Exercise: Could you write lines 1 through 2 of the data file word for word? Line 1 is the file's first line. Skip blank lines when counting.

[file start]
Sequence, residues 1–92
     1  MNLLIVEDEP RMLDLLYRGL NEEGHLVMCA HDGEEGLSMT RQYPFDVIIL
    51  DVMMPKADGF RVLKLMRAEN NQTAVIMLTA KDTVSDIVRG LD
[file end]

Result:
Sequence, residues 1–92
     1  MNLLIVEDEP RMLDLLYRGL NEEGHLVMCA HDGEEGLSMT RQYPFDVIIL